When Julian Assange speaks, journalists listen. Last night, the clandestine figure sat down with Steve Croft for a lengthy on camera interview at Assange's hideout in England. Wikileaks, his now world-famous project, is now infamous among the global elite whose secrets are being spilled.
Among other things, Assange describes Wikileaks as an organization that "plays within the rules," comparing the non-profit to news organizations like the New York Times. The effect of such an analogy would reverberate into the future of classified information if the U.S. allowed Wikileaks, a small but increasingly powerful organization, to be treated as a press outfit. Assange himself comes off as an intriguing anti-hero, an outsider:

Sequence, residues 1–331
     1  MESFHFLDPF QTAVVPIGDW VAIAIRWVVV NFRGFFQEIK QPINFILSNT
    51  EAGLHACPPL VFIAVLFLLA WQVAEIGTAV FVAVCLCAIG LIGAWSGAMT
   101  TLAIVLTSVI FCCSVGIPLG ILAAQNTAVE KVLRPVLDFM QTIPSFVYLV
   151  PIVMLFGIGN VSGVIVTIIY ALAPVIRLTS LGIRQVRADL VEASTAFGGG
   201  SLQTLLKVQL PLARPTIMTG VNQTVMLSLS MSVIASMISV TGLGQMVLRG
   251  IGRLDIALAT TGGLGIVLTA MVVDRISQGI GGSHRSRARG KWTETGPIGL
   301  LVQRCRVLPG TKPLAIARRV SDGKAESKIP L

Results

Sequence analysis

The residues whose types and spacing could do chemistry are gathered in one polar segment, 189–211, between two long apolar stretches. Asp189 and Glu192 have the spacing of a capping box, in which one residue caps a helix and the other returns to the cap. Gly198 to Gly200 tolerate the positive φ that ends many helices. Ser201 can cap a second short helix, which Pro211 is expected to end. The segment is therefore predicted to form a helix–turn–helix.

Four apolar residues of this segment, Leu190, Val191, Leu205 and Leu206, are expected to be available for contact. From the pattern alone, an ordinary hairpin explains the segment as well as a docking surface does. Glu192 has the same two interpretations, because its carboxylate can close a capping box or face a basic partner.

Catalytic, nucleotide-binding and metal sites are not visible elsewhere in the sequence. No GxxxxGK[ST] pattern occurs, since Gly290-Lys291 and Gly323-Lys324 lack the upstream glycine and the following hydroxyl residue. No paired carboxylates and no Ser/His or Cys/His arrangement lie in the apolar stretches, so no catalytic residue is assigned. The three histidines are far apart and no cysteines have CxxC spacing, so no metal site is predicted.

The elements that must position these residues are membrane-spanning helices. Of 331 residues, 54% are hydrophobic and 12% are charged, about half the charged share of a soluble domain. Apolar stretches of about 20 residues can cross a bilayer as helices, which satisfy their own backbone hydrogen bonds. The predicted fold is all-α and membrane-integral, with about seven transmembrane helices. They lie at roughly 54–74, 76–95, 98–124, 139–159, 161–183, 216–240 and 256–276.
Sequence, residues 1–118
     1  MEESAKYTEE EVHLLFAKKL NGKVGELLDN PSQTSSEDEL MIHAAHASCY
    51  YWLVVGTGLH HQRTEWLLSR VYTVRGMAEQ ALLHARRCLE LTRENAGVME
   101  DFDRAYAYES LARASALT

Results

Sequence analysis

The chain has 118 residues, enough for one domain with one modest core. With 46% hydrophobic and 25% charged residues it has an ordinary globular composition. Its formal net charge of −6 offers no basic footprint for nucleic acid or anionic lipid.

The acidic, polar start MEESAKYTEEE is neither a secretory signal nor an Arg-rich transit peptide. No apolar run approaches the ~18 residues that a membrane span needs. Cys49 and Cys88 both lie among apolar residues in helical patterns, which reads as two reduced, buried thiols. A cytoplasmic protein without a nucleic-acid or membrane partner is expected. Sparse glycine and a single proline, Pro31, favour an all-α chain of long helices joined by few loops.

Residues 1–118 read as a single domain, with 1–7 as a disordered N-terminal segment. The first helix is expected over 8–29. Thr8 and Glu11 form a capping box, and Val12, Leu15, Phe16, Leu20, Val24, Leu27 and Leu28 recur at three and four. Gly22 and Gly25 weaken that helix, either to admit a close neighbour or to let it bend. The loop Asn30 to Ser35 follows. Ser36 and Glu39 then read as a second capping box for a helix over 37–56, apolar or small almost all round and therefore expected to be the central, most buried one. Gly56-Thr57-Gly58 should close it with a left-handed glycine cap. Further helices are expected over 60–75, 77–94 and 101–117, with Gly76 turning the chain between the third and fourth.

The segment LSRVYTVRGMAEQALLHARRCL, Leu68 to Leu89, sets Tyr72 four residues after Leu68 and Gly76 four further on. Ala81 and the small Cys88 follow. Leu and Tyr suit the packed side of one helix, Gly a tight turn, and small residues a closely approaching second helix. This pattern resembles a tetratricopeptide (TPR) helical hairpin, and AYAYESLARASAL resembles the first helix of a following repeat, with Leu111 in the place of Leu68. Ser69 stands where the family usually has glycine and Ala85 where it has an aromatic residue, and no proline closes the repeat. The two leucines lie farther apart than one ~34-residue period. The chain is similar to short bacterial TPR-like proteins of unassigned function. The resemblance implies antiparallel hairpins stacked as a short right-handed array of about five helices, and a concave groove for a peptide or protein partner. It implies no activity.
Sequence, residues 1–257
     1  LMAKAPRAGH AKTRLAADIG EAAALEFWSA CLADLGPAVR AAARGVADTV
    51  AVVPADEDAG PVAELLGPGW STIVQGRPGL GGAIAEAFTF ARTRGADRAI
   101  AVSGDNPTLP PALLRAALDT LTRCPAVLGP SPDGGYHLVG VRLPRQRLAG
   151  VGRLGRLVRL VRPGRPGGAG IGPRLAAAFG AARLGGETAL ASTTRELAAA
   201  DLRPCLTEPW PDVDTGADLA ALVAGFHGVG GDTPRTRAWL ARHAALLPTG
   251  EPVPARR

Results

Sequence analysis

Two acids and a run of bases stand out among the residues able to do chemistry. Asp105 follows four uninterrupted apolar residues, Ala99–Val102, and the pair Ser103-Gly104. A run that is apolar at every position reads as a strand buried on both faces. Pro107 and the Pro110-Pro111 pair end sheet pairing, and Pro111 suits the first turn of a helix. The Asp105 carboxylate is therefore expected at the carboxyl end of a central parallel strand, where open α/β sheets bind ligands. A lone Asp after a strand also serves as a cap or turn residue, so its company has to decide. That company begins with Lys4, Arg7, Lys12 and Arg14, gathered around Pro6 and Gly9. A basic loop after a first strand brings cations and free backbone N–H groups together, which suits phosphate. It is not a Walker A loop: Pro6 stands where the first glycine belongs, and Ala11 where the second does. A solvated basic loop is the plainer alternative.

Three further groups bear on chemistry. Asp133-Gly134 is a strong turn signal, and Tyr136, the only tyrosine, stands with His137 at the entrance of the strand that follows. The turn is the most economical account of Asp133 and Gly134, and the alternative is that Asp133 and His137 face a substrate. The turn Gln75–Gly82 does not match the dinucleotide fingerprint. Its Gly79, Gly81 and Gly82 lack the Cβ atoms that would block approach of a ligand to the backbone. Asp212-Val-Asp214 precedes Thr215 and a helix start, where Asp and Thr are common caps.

Some have argued that he's not really a journalist at all. He is an anti-establishment idealogue with conspiratorial ideals. He believes large government institutions use secrecy to supress the truth and he distrusts the mainstream media for play along. Some people call him an anarchist -- which he denies -- Assange prefers to be called a libertarian and believes that the only people who can adequately police the system are those on the inside who are in a position to notice the abuse and blow the whistle.
Assange also discusses his relationship with sources, Wikileaks' relationship with governments, and rumors about the next big leak which many believe will implicate the Bank of America.
In addition to the 30-minute Q&A, "60 Minutes" releaseed a package of extra material including a behind-the-scenes report detailing how they tracked down the ellusive Assange for the exposée. Click through for more feaures:
- Assange: WikiLeaks Played "Inside the Rules"
- Poll: What's your take on WikiLeaks?
- Assange Stays on the Move
- Assange's Defense & Daniel Ellsberg
- Assange On Playing By The Rules